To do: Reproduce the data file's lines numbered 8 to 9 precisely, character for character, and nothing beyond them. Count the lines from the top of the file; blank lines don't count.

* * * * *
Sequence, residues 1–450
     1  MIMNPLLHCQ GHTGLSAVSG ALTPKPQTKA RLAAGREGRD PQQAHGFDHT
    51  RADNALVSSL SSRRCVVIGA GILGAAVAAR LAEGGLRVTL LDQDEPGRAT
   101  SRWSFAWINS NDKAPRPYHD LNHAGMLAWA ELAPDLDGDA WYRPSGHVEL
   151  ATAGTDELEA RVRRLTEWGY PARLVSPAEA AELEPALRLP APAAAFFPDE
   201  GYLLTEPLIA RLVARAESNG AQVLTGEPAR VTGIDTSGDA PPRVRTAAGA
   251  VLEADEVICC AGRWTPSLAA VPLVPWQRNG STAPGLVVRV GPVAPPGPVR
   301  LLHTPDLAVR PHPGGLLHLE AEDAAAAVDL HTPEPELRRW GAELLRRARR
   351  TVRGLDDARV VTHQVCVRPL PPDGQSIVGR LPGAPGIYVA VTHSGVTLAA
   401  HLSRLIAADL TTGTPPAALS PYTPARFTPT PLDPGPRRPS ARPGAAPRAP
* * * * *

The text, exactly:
   301  LLHTPDLAVR PHPGGLLHLE AEDAAAAVDL HTPEPELRRW GAELLRRARR
   351  TVRGLDDARV VTHQVCVRPL PPDGQSIVGR LPGAPGIYVA VTHSGVTLAA